Developing the Therapeutic Use of Self in the Health Care Professional Through Autoethnography: Working With the Borderline Personality Disorder Population

Kimberly Ann Jones

Abstract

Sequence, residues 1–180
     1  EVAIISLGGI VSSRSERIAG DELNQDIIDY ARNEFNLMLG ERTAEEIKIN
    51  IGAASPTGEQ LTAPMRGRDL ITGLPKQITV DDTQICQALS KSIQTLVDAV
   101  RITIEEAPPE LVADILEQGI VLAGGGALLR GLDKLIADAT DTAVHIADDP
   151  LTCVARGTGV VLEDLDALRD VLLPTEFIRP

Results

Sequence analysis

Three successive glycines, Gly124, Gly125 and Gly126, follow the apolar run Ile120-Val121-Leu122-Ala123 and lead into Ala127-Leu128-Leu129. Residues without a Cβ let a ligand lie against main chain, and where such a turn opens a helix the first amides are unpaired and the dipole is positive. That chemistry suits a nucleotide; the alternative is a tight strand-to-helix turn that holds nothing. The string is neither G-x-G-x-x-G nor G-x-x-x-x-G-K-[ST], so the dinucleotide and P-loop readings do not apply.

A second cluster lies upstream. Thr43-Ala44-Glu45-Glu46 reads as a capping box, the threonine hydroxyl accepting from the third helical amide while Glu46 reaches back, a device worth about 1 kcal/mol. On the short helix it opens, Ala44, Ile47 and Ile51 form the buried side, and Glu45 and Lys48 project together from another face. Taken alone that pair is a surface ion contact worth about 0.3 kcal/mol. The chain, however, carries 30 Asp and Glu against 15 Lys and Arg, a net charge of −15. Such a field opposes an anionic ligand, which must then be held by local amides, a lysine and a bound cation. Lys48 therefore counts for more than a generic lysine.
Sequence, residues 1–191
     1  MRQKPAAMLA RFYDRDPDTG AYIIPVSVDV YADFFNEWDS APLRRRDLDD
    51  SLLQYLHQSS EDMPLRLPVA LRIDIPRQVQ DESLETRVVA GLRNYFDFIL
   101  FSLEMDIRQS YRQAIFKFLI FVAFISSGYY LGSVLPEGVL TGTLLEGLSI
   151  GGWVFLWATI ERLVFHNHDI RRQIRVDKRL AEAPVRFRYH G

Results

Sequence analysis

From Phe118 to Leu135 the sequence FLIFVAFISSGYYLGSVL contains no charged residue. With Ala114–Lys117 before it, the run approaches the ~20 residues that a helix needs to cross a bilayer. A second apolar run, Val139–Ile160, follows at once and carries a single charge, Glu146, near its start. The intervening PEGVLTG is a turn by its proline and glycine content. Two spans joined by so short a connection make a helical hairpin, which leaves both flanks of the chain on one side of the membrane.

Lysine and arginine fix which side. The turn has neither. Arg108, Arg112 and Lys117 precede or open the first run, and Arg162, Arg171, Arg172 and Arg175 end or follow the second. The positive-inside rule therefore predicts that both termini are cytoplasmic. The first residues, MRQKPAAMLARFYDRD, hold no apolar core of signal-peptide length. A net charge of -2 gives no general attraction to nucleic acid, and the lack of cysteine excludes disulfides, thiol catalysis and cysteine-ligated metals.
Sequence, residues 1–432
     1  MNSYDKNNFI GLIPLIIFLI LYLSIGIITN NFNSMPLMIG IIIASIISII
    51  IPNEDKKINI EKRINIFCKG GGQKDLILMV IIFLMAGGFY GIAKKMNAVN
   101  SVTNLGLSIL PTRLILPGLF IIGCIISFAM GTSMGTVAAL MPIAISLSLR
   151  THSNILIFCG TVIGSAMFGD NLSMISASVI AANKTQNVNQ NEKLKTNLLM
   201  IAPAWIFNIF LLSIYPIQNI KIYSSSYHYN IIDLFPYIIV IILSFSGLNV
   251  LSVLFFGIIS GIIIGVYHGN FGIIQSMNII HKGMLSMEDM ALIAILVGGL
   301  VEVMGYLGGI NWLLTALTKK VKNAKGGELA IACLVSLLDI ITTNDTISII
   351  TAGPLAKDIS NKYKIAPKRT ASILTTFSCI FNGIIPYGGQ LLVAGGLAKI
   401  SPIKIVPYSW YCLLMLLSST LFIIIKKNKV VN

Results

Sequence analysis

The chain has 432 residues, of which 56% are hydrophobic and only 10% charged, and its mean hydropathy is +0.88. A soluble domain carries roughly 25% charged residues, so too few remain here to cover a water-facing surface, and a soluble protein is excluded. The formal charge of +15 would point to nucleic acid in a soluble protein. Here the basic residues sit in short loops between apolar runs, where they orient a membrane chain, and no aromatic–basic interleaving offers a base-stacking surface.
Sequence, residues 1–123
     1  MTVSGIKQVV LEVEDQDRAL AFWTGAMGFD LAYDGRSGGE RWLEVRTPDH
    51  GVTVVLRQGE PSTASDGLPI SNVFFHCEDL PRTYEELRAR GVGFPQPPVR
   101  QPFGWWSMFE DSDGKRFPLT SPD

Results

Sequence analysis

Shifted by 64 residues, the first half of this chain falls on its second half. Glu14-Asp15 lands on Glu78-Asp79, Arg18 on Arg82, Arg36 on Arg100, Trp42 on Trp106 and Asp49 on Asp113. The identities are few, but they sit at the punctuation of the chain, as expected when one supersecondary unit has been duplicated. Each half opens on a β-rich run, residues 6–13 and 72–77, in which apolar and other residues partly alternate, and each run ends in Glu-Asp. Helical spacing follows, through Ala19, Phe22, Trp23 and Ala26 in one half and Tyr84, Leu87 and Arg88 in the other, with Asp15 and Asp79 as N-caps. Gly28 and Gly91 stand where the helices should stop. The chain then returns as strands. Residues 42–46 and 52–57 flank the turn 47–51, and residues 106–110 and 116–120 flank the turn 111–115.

Frequently stigmatized, misdiagnosed, improperly treated, and discounted is the suffering of the patient with Borderline Personality Disorder (BPD), and it can be a serious, agonizing, tenacious, and draining mental illness. Present-day research illustrates that patients with BPD are in fact the largest consumers of mental health services, utilizing every treatment genre more frequently and in greater quantities than any other mental health taxonomy. They experience more complex and destructive symptoms, more perpetual misery and encumbrance, an unpredictable usage of outpatient services, and extensive treatment modalities and psychiatric admissions. A review of current literature reveals this consistent notion: the attitudes of health care professionals toward patients diagnosed with this elaborate disorder tend to be disparaging. The aim of this article is to critically analyze the prospect that autoethnography (or narrative research) is a strategic, useful tool for mental health professionals to improve empathy and identification with patients suffering with BPD. As a qualitative research method, autoethnography is advantageous for creating connections between care provider and patient. It can deepen their mutual and divergent experiences while generating empirical knowledge from the professional’s narrative reflection and through the therapeutic use of self with the patient.

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